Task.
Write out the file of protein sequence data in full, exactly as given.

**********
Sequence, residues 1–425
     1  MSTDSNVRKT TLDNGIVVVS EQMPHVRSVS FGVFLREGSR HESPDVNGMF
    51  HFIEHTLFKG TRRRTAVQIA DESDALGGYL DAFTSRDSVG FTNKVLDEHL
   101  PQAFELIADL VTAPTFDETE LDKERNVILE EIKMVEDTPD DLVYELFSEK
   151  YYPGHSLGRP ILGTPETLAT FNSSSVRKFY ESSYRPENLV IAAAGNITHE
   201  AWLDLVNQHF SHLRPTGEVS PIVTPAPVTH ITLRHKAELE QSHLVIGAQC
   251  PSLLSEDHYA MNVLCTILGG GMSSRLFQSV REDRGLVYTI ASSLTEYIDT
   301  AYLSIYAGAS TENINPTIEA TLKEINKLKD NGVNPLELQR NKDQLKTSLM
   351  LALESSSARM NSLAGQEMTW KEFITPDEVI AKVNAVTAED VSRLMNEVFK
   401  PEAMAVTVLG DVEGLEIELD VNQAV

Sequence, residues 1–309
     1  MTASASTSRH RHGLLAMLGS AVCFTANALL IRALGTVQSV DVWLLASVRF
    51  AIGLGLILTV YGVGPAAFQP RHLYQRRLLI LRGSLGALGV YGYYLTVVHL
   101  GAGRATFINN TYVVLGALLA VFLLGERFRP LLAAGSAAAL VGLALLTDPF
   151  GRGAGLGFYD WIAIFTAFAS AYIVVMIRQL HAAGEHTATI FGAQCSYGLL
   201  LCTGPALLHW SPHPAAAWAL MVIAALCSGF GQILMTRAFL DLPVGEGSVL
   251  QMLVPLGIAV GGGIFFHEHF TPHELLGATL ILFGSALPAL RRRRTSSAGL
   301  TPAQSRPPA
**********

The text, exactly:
Sequence, residues 1–425
     1  MSTDSNVRKT TLDNGIVVVS EQMPHVRSVS FGVFLREGSR HESPDVNGMF
    51  HFIEHTLFKG TRRRTAVQIA DESDALGGYL DAFTSRDSVG FTNKVLDEHL
   101  PQAFELIADL VTAPTFDETE LDKERNVILE EIKMVEDTPD DLVYELFSEK
   151  YYPGHSLGRP ILGTPETLAT FNSSSVRKFY ESSYRPENLV IAAAGNITHE
   201  AWLDLVNQHF SHLRPTGEVS PIVTPAPVTH ITLRHKAELE QSHLVIGAQC
   251  PSLLSEDHYA MNVLCTILGG GMSSRLFQSV REDRGLVYTI ASSLTEYIDT
   301  AYLSIYAGAS TENINPTIEA TLKEINKLKD NGVNPLELQR NKDQLKTSLM
   351  LALESSSARM NSLAGQEMTW KEFITPDEVI AKVNAVTAED VSRLMNEVFK
   401  PEAMAVTVLG DVEGLEIELD VNQAV

Sequence, residues 1–309
     1  MTASASTSRH RHGLLAMLGS AVCFTANALL IRALGTVQSV DVWLLASVRF
    51  AIGLGLILTV YGVGPAAFQP RHLYQRRLLI LRGSLGALGV YGYYLTVVHL
   101  GAGRATFINN TYVVLGALLA VFLLGERFRP LLAAGSAAAL VGLALLTDPF
   151  GRGAGLGFYD WIAIFTAFAS AYIVVMIRQL HAAGEHTATI FGAQCSYGLL
   201  LCTGPALLHW SPHPAAAWAL MVIAALCSGF GQILMTRAFL DLPVGEGSVL
   251  QMLVPLGIAV GGGIFFHEHF TPHELLGATL ILFGSALPAL RRRRTSSAGL
   301  TPAQSRPPA